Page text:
Fashion Post Brexit
by Maximilian Raynor
all facts and figures correct on 26th July 2018
“…I look for the UK to maintain its diverse, welcoming, ‘melting-pot’ nature, regardless of the deal May’s government does or does not come to… we can and must remain an eclectic, multifaceted haven to nurture young creatives…”
Since the referendum of June 2016 we have lived in a climate of profound uncertainty. The 66 billion pound British Fashion industry must maintain a crucial position in the conversation around the deal-making process, as concern amongst creatives continues to intensify. Many within the British Fashion industry fear Brexit sends the wrong message internationally, whereby a nation once perceived as THE pinnacle of diversity- a melting pot for international designers, photographers, stylists, models etc. – is turning towards a separatist mentality and a rejection of the freedoms once enjoyed by an assortment of people from across Europe. Simultaneously, when approaching the matter pragmatically, for reasons ranging from EU Intellectual Property Rights to tariffs on international trade, we see that Brexit could negatively influence the fashion scene, and those working within it.
Concern surrounding the freedom of movement of talent from EU nations arises, with Fashion the fourth-highest employer of EU nationals within the creative industries. Under the ruling of the ECJ (European Court of Justice) as part of the Single Market, nationals of the EU have previously enjoyed free movement between EU member states, along with goods, services and capital. Leaving the EU without a deal that procures our continued membership of the Single Market, puts this free movement at risk.
The Fashion Industry relies on this freedom of people in three key ways, firstly in regards to manufacturing talent. Of the 13,500 workers making fashion products in the UK, around 70% are Europeans. These professionals offer valuable skills to design houses, which cannot be found domestically. Without their ability to move easily to work, design houses may consider moving elsewhere, taking their contribution to the UK economy with them. Secondly the Fashion industry benefits from this freedom of movement in regards to freelance workers. We rely on creative professionals’ last minute signing-on to short-notice projects. The time-consuming admin and additional restrictions that could come with our departure from the EU, is not only vastly out of kilter with the fast-pace nature of the fashion world, but also reduces the already limited supply of paid work to international creatives, hoping to profit from working in a global fashion capital like London. Thirdly we must consider the profound impact this lack of freedom could have on designers. A huge amount of the designers that show at London Fashion Week, have used EU privileges to study in the UK, and ended up setting up business here. The UK holds the best fashion schools in the world, with Central Saint Martins, Kingston School of Art and Westminster, to name three. International young designers gravitate towards our fashion capital and enrich their environments with the more diverse level of experience and inspiration they bring with them. With the UK outside of the EU, and without some alternative reformation to course fees in place, these students, faced with vast increases in charges to study here, will most likely have to go elsewhere. Their absence from the London scene, lessens diversity, narrows the experience of UK nationals filling their places and contributes to an overall feeling that London’s leading, if not champion position within the fashion industry is dwindling.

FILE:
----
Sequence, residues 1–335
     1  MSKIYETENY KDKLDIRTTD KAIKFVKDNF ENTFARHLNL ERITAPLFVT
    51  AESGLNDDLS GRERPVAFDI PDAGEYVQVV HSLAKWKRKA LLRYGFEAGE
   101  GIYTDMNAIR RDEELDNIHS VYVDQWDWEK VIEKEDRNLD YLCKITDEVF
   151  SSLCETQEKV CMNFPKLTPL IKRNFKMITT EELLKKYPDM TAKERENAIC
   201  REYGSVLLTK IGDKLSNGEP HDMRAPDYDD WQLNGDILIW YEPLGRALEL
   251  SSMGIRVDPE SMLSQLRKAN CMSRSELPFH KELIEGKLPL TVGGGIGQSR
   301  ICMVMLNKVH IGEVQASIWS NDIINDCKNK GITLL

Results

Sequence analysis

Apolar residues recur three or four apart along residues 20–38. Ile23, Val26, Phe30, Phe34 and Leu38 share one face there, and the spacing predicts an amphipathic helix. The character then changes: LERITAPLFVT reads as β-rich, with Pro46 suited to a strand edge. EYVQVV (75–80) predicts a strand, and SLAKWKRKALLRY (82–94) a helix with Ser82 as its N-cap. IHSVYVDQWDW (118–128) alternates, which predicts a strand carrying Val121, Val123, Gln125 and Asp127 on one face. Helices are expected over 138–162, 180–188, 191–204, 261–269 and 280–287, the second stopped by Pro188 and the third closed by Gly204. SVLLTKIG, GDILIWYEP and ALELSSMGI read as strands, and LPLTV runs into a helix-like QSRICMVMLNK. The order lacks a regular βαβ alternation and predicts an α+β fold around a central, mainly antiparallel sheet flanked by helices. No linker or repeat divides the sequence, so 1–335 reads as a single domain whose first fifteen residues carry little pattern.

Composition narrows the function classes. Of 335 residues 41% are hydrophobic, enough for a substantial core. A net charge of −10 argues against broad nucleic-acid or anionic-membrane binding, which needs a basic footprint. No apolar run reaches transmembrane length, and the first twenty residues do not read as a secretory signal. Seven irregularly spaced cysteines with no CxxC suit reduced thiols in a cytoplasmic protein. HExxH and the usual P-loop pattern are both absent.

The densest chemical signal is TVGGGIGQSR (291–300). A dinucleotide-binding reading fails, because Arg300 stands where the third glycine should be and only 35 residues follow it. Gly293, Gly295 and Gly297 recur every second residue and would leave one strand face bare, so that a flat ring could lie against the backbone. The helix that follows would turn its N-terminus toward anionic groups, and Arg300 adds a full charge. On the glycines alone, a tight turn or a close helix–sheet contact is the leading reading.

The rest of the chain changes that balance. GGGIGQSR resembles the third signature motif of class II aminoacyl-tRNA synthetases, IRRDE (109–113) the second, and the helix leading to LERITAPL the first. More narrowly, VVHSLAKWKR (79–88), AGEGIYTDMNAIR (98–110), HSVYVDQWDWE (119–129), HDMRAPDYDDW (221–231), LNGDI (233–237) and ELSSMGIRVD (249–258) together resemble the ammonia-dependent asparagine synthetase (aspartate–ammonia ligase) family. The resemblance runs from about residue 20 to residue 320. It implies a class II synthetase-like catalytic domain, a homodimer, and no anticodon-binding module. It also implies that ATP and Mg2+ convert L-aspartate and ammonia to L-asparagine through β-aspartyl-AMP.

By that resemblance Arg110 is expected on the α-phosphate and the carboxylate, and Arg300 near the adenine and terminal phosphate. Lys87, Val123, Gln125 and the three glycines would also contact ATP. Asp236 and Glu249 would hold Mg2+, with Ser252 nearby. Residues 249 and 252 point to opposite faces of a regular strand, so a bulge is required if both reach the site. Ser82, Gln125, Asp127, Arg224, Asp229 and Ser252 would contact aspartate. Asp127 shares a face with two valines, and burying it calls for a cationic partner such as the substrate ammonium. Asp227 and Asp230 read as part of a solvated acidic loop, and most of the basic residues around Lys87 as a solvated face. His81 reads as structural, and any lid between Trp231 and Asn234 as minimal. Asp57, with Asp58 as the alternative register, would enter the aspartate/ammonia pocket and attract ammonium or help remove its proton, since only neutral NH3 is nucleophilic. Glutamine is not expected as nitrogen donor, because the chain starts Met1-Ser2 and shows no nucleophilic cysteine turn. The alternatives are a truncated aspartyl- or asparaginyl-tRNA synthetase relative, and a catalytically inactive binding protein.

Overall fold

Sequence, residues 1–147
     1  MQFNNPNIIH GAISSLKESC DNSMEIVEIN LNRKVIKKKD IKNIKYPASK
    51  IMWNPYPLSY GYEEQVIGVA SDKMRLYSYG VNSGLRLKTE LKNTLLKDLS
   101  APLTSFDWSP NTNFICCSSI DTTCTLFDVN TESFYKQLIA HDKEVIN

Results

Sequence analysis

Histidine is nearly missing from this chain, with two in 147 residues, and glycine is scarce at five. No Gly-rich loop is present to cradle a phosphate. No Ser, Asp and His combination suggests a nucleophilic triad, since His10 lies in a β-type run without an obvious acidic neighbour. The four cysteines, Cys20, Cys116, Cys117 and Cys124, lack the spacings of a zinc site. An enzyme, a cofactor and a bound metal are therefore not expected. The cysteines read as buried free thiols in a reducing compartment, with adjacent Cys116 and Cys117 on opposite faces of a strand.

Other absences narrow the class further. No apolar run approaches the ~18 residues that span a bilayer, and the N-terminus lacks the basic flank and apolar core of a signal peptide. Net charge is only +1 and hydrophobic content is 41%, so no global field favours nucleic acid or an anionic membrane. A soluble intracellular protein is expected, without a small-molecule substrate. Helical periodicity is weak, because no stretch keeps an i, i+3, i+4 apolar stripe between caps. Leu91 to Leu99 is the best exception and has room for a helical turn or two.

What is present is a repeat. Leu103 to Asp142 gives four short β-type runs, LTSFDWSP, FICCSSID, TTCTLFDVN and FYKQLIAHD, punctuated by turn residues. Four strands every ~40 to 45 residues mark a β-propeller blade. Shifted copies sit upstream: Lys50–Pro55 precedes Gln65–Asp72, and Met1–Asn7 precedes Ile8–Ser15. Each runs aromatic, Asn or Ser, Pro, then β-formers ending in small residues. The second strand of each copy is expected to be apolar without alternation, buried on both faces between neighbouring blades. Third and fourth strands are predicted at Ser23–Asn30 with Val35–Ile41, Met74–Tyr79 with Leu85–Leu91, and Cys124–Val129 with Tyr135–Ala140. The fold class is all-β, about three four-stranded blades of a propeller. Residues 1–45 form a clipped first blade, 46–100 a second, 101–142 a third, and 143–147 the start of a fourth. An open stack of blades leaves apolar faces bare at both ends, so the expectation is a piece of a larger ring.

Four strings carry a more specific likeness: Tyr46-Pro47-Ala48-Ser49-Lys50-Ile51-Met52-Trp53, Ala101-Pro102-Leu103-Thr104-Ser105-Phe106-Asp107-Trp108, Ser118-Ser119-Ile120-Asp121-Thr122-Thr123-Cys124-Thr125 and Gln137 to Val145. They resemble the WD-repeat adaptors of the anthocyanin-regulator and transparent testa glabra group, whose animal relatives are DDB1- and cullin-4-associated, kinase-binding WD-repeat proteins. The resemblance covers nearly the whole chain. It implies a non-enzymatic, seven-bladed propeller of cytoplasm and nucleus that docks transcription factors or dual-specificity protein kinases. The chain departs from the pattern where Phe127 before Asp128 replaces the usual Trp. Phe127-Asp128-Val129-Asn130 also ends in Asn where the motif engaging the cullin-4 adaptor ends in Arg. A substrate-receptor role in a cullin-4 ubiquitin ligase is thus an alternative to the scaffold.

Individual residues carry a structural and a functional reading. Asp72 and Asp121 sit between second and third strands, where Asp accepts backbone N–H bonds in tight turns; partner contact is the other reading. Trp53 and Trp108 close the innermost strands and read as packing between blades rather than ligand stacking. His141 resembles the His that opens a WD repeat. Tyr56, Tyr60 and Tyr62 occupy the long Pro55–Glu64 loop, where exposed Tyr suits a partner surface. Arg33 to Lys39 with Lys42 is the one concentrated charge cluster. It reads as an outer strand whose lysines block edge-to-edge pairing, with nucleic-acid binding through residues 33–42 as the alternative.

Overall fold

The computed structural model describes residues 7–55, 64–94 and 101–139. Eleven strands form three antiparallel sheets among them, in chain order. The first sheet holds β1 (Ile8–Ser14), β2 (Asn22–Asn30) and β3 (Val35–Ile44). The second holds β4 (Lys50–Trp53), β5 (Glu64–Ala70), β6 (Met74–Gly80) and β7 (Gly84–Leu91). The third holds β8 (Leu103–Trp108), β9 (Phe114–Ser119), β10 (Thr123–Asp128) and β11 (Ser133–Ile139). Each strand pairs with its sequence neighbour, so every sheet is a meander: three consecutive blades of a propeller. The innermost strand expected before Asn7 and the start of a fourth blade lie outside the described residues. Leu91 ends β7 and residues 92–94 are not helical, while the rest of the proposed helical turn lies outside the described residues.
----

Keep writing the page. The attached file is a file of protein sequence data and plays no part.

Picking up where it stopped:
As well as this freedom of people, there is of course the matter of freedom of trade. Outside the EU or without subsequent equivalent trade deals, both import and export can be subject to tariffs, quotas and taxation. Consumers in the EU looking to buy UK products could be deterred by their more expensive and therefore less appealing prices. For UK fashion manufacturers this is a concern as their already more costly mark-ups fall victim to additional costs. Conversely with taxation and tariff being placed on imports from elsewhere, products from the UK may become comparatively cheaper to home-consumers and therefore boost desire to consume from UK Fashion companies. In this sense restriction on freedom of import could aid British designers, though many are quick to add the largest interest in ‘made in England’, ‘heritage’ product comes from over seas.